It connects via ANT+ and Bluetooth, and the lights system on the device shows the three training modes available. The first is for when you want to pair it with a device like a watch, the second is for recording a workout directly on the Verity Sense itself to sync to an app later, and the third is a swimming mode.
Read more in our Polar Verity Sense review
Best for runners and triathletes
Type: ECG | Battery: CR2032 | Connectivity: Bluetooth, ANT+ | Waterproof rating: 5ATM (up to 50 metres)
The HRM-Pro Plus is Garmin’s top heart rate chest strap, replacing the HRM-Pro in its line-up. The Pro Plus does all the great things the Pro did, including measuring advanced running stats like running power, ground contact time and vertical oscillation, which you can see on compatible Garmin watches live during your runs. It also works in the water and will sync your HR data to the Garmin app once you’ve finished swimming.
There’s nothing to choose between the software of the Pro and Pro Plus. The Pro Plus adds the ability to measure indoor running distance and pace, but this will come to the Pro in an update. However, the key upgrade you get here is a new battery compartment that you can open without using a screwdriver. Not only does this make changing the battery easier than on the Pro, but it also reduces the chances of you breaking the strap, which was a common complaint about the Pro and something I managed to do when using the Pro for an extended period.
Read more in our Garmin HRM-Pro Plus review
6. Coros Heart Rate Monitor
Most convenient heart rate monitor
Type : Optical | Battery : Rechargeable | Connectivity : Bluetooth | Waterproof rating: 3ATM (up to 30 meters)
The Coros Heart Rate Monitor is not as advanced a device as the Polar Verity Sense in that it only broadcasts via Bluetooth, not ANT+, doesn’t have a swimming mode and can’t store workouts. However, it does a great job of tracking your heart rate accurately and in my experience is the easiest monitor to use, which has made it my go-to option.
This is largely due to the buttonless design. Just slip the Coros monitor on your arm and it turns on and links up to your connected watch. Take it off and it turns itself off again. The battery life is good, at 38 hours of active tracking or 80 days in standby mode, which is slightly longer than the Verity Sense.
If you’ve no need for extra features and prefer an armband to a chest strap, the Coros Heart Rate Monitor is a convenient option—and cheaper than the Polar Verity Sense.
Heart Rate Monitors Buyer’s Guide
To find out more about how chest straps and optical heart rate monitors work, and advice on which is more accurate, we spoke to Polar research center director Jyrki Schroderus.
How do heart rate chest straps work?
Chest straps measure electric signals arising from heart activity, which is the same thing as if you were in hospital and you put on the wires for an electrocardiogram (ECG). The strap measurement is a simplified version of the hospital measurement with only one channel, one connection, but we are able to measure the heart rate from that. In the hospital there are 12 leads, and it makes a map of your electrocardiogram activity.
The cardiac activity comes actually from your heart muscle, and the tiniest cells that we have in our heart. When they operate, very small electric activity is generated and when we combine all of them together, it’s still very low, but we get a measurable signal from the skin. You can see a difference in your voltage, basically.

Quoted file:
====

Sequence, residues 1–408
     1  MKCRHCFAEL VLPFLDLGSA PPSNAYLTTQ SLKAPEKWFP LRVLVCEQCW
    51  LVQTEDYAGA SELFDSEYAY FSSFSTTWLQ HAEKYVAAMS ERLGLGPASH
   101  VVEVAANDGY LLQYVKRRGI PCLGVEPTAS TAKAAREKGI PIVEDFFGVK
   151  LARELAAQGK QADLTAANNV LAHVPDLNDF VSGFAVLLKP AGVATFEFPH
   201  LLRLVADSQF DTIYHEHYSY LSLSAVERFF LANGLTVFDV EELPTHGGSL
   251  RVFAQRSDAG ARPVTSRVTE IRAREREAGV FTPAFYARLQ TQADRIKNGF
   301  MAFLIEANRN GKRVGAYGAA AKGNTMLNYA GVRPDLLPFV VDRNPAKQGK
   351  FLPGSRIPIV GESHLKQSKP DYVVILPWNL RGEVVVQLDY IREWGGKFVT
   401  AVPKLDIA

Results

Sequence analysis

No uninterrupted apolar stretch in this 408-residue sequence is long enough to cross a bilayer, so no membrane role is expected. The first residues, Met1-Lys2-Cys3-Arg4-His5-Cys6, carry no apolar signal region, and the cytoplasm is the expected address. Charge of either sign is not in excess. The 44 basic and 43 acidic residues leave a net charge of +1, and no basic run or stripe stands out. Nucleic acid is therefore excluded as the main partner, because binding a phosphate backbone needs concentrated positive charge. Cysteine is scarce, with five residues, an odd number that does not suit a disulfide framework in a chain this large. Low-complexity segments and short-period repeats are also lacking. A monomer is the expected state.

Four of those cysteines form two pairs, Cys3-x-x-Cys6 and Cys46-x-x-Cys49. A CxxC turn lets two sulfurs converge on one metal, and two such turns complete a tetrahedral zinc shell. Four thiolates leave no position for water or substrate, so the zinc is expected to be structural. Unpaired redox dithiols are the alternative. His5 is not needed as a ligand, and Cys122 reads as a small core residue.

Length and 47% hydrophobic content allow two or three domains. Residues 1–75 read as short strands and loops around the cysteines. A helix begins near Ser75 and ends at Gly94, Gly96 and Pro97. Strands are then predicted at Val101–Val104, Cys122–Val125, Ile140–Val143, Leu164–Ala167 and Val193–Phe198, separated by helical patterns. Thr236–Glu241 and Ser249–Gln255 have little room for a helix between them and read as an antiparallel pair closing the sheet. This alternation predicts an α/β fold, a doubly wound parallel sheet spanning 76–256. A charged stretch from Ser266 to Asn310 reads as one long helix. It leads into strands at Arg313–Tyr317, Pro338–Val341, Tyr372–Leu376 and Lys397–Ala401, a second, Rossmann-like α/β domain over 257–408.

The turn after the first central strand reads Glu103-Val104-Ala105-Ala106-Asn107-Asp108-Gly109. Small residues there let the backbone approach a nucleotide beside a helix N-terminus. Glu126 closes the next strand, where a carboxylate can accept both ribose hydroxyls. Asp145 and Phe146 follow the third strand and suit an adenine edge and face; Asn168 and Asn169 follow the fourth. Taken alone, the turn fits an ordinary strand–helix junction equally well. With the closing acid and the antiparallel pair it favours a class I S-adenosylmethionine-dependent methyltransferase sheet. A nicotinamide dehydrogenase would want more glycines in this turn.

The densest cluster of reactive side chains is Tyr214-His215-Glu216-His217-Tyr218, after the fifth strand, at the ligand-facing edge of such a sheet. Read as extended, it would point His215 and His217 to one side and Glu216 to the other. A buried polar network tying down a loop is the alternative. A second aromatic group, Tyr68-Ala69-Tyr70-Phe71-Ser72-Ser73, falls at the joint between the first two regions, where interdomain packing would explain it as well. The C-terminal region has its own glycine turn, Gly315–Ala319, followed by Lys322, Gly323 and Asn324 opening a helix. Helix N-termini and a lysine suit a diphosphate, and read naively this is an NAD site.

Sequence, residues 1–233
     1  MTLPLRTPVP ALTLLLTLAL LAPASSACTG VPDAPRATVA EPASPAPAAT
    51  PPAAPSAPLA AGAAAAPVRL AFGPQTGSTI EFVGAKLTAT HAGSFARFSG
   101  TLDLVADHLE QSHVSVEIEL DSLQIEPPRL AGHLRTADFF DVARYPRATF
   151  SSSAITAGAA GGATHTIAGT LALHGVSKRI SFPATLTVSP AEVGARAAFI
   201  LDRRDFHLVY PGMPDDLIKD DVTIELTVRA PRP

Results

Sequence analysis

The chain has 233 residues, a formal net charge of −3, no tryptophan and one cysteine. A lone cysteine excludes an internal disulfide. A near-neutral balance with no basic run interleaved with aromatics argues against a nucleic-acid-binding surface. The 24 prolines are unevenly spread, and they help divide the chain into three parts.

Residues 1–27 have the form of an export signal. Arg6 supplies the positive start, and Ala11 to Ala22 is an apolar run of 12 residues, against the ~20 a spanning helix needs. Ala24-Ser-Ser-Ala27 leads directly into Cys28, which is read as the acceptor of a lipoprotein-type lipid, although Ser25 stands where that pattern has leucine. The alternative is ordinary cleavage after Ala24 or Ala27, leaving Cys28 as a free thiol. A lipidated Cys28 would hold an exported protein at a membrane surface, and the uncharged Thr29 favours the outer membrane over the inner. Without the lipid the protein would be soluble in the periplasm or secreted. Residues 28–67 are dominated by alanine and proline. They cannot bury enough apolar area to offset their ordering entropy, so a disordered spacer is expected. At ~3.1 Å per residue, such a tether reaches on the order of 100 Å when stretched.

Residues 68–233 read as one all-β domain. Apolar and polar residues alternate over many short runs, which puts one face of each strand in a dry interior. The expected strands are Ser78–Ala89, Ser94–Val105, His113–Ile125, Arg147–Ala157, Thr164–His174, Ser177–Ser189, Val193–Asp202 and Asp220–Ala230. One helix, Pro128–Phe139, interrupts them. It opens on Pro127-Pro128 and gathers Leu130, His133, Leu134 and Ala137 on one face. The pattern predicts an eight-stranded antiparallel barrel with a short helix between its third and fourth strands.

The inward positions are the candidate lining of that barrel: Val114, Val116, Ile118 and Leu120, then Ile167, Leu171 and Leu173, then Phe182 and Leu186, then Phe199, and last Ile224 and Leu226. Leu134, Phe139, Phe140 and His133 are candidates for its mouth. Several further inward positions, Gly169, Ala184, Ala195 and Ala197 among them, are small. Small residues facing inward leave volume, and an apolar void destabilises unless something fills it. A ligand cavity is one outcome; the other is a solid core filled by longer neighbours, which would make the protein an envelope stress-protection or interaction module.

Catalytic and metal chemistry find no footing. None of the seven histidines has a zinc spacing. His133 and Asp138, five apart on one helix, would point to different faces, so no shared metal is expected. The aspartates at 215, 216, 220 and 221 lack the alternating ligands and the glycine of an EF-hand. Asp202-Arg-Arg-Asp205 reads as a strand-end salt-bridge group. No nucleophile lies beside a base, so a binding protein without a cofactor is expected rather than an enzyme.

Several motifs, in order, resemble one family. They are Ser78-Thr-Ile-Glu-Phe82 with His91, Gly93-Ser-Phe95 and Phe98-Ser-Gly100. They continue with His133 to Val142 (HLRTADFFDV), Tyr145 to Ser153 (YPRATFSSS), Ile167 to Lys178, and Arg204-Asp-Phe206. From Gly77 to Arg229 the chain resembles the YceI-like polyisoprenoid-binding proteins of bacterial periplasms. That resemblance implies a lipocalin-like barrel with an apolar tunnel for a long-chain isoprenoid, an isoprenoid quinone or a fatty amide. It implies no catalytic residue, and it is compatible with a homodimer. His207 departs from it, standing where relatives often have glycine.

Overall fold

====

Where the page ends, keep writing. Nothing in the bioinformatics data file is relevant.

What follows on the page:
If you take the strap you can see the black pads, which actually receive the electric signal from your chest. You have to have a very good contact at your chest area, so that the electric signal gets into the electronics of the device.
What are the pros and cons of a chest strap?
Comfort is one issue because it results in pressure on your chest area, but it’s very accurate, and it’s very tolerant of disturbances which arise from motion. It’s a hard environment to make the measurement: there’s motion at your chest, there’s lots of sweat too so all the electric characteristics of your skin are changing from dry to sweaty skin. There’s also flapping of the shirt, perhaps because you are riding a bicycle and there’s wind coming against you.
So even though the strap looks very simple, there is a lot of engineering behind it and the price point of the device is very low.
How do optical heart rate monitors work?
It’s called photoplethysmography or PPG measurement, which is basically measuring the blood pulse in your skin.
It uses LED lights and a sensor. Light penetrates into your skin and when it’s under your skin, your blood pulse changes the power of the light which comes back to the sensor. It measures your blood – it doesn’t measure your heart directly.
What are the pros and cons of optical heart rate monitors?
The advantage is that you can make the measurement anywhere where you have skin – your forehead, lower arm, upper arm, anywhere. It’s very handy.
The measurement is, basically, not as accurate as the chest measurement. There are a couple of reasons for that. First, the location of the sensor could be your lower arm and there is a lot of motion in your arm area. The most catastrophic place for PPG is actually your wrist – it’s a very hostile measurement place. That’s why there are lots of complaints about the quality of the measurement with the wrist devices. We know that and we have lots of people here solving the problem!
If you put it on the upper arm, it’s almost as good as the ECG-based measurement for heart rate because the motions are not that violent.
Are optical straps accurate for taking heart rate variability (HRV) measurements?
With an ECG measurement, you can do HRV measurements in almost any situation, but if you take a PPG measurement, optical heart rate, it’s practically impossible to measure that during motion. If you want to calculate some more advanced parameters, like breathing frequency, you can measure that during your run from your chest, but it’s not possible with the optical heart rate.
But if you are at rest, we can measure the PPG PP interval – the separation between successive heartbeats. That’s why we can measure sleep and stress parameters at night with a wrist device.